4. A decline in civility at the heart of how we do politics this blog outlines some of the trends that we’re seeing that have not simply crept into our common political life, but seem to increasingly dominate it – from the promotion of conspiracy theories to the increasing normalisation of dehumanising language and imagery in our political conversations, it’s noisier and uglier out there than it has been, and often increasingly hard to cut through with considered and balanced content.

And the implications of this aren’t just that it’s harder to cut through, it also means an increasingly hostile atmosphere for those who choose to engage. The result, many decide that they’re less prepared to do that and as this fascinating research from a few years ago in the US shows those who are least engaged in politics are often from those who find themselves in the political middle ground

5. A new role for the judiciary? – perhaps it’s too early to tell but it feels like the focus on the work and role of the Supreme Court over the last few week could mark an important shift in the way and role this institution, which has often been overlooked by those focusing on what happens on the other side of Parliament Square.

Who know if we’ll head in the direction of the US, where the role of the US Supreme Court appears to play a vital role in delivering change, but the role of judiciary has certainly risen in change makers awareness and I sense that the idea of using the courts to challenge or question political decisions feels like it’s not going away.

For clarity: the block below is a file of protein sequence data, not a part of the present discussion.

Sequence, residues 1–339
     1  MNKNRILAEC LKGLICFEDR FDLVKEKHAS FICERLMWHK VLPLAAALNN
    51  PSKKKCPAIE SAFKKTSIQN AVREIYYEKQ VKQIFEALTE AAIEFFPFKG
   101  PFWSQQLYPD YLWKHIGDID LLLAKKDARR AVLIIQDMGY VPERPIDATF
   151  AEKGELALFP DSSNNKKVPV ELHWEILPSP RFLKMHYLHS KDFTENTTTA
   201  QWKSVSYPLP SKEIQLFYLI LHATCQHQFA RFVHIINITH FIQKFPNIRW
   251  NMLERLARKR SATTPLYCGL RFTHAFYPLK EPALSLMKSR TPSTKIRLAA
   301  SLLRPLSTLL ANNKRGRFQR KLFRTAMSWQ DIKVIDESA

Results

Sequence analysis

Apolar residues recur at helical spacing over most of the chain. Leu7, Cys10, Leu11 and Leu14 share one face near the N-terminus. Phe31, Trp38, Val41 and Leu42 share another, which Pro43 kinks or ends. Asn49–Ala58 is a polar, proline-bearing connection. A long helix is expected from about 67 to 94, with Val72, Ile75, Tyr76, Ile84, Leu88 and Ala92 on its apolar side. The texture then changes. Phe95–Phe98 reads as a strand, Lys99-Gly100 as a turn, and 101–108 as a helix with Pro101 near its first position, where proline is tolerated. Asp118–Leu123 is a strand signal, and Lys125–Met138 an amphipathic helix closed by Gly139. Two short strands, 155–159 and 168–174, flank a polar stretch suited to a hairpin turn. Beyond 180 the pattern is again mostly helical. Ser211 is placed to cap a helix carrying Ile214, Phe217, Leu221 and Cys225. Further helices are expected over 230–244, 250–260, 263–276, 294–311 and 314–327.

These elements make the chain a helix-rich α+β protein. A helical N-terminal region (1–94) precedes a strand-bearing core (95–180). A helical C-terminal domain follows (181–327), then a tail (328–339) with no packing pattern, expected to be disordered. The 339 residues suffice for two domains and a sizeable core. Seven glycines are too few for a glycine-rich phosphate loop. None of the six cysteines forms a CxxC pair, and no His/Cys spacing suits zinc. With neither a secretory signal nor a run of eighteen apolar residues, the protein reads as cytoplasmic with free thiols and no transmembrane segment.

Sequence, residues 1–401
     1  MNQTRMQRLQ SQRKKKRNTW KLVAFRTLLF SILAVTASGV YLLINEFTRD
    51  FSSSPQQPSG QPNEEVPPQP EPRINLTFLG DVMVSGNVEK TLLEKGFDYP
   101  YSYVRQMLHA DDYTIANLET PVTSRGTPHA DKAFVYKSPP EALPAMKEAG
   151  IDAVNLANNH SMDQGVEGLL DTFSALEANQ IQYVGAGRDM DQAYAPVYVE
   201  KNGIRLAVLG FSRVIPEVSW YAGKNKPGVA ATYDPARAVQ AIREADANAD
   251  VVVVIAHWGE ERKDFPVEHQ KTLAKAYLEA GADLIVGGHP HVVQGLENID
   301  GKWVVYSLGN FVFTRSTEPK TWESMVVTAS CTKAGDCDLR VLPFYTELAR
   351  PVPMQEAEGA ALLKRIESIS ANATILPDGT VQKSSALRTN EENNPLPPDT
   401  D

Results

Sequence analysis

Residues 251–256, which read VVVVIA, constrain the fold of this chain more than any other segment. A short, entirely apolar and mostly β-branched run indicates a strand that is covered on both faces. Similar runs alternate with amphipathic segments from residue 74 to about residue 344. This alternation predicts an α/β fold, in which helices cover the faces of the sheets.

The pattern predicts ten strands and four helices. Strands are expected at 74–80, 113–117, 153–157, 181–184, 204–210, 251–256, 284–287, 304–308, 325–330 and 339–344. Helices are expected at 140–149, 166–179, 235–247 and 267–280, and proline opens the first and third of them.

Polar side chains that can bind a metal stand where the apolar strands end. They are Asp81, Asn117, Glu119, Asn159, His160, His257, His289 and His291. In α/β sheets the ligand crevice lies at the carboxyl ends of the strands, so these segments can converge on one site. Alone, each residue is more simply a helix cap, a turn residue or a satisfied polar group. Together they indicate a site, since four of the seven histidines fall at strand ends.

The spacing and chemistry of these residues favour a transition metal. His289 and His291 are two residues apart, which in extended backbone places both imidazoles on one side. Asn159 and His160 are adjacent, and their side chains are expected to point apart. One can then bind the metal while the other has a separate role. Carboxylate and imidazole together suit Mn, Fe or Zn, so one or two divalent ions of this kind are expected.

Campaigners would do well to explore the work of the Good Law Project, which is one organisation looking to uses strategic litigation to deliver a progressive society, including being behind the recent progration ruling in the Supreme Court.

6. Will anyone ever believe in petitions again? Over the last year, we’ve seen some of the biggest petitions on the Parliament petition site, over 6 million people signed to ‘Revoke Article 50 and remain in the EU.’ back in March, and another 1.6 million called on ‘Do not prorogue Parliament’ in September but either have directly led to any policy change.

While it’s easy as a campaigner to sit and write a critique of why those petitions weren’t unlikely to ever be successful, I have this concern. What happens if many of those who did sign believe that this could lead to change – does the failure of a petition to do that further undermine the role of petitions in delivering change, while at the same time raising the bar for what size a successful petition needs to be?

In short, if the largest petition in recent UK history can’t be successful, can any petition be expected to be?

When is a petition, a BIG petition?

A colleague asked recently – what I’d consider a ‘big’ petition number.
Putting aside the discussion about the role of petitions in campaigning and their effectiveness, plus the reality that a big petition is so dependent on the context that it’s being used as a tactic for – if you get 1,000 people in a village of 2,000 to call on the local parish council to take action on something then I’d argue that’s a ‘big’ petition.
But given the discussion was about influencing Westminster and Whitehall, I decided to dive into the data that’s available on the Parliament Petition site. It’s a site that I’ve had misgivings about in the past, but one thing in its favor is that it does make the information really easily accessible by allowing you to download it in a format that means you can manipulate the date.